Student Health and Wellness hosts anonymous compliment event “Get One, Give One” to promote awareness of eating disorders 


National Eating Disorders Awareness Week begins Monday, with the public campaign aiming to educate people about eating disorders. S.H.A.P.E, or Students Helping to Achieve Positive Esteem, is a student-run organization backed by UConn’s Student Health and Wellness Services. They promote awareness about eating disorders and body acceptance, holding workshops to transform students into peer educators. 

S.H.A.P.E kicked off NEDA with the “Get One, Give One” event. On Monday afternoon, students came to their stand on Fairfield Way to drop off anonymous compliments. In exchange, they received an anonymous compliment written by another student. S.H.A.P.E also gave away stickers and bands and hosted a giveaway.  

Elizabeth Shaul, an eighth-semester theater design major and S.H.A.P.E. intern discussed reasons for hosting the event. She explained that compliments can go a long way in making someone’s day better.  

“I think that part of it was talking about, like, in a lot of our discussions and meetings, we talked about giving non-physical compliments to people. And, this is kind of like spreading that awareness,” Shaul said. “Because if you’re giving a compliment to a stranger, you can’t do anything that’s physical. If you’re not seeing them, you have no idea who your compliments are gonna go to but you still want to fit that person.”  

That being said, it is important to be mindful when giving compliments to those with eating disorders. NourishRX, a web blog run by registered dieticians, points out the harmful nature of weight-related statements, saying that “people with eating disorders can’t just eat normally.” No one chooses to have an eating disorder and pointing out perceived weight changes can reinforce their thoughts about negative body image, the site wrote.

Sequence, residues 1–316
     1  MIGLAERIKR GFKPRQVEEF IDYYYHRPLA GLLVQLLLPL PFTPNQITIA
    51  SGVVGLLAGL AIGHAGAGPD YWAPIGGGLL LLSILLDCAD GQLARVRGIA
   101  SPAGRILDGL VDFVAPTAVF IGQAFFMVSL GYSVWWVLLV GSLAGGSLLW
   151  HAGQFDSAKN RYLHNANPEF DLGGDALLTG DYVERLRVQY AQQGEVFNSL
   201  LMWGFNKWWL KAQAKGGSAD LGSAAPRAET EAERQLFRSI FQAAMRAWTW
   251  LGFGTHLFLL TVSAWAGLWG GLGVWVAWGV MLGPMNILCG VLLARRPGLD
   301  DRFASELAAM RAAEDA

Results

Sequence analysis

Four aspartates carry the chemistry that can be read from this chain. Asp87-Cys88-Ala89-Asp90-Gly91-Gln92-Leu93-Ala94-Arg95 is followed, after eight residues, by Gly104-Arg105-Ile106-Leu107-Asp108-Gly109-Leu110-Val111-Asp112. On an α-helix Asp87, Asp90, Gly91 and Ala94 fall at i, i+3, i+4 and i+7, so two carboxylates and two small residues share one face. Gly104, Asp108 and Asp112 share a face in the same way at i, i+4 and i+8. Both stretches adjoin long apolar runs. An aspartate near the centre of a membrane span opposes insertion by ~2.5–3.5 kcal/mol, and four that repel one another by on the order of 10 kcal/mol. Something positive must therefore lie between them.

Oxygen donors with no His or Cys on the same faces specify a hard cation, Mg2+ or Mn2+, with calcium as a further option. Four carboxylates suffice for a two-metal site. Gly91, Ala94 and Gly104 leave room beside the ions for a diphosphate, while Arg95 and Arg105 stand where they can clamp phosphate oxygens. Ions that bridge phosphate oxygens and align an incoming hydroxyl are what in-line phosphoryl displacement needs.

Instead, friends should provide emotional and moral support to those struggling around them. Checking up and just being there for them can make a big difference, Shaul explained.  

Mason Tumminelli, a sixth-semester computer science major, helps run events at S.H.A.P.E. He joined the organization because in high school, he had friends with eating disorders that struggled immensely. Now, he wants to help others overcome that illness.  

Amy Viens, another S.H.A.P.E. volunteer and a sixth-semester art history major, said, “I joined the club because I’ve had friends who have struggled with eating disorders before and I didn’t realize the impact that day-to-day life has on these people and not being able to identify certain characteristics of an eating disorder. I joined to really be able to do that and help people get through.” 

S.H.A.P.E partnered with the Women’s Center to create the Body Project which is a “cognitive-dissonance-based body acceptance intervention” for young women to resist societal pressures to conform to an unrealistic body. S.H.A.P.E. also works with Active Minds, a student club that advocates for suicide prevention and mental health awareness. 

Other events this week include a virtual Kahoot night about eating disorders on Tuesday at 7 p.m. and another one at 8 p.m. as well as an virtual art show. The theme for the art show is “See the change, be the change” and can be accessed via their website. Submissions will be accepted until Feb. 24 and voting will run from Feb. 25 to 27.  

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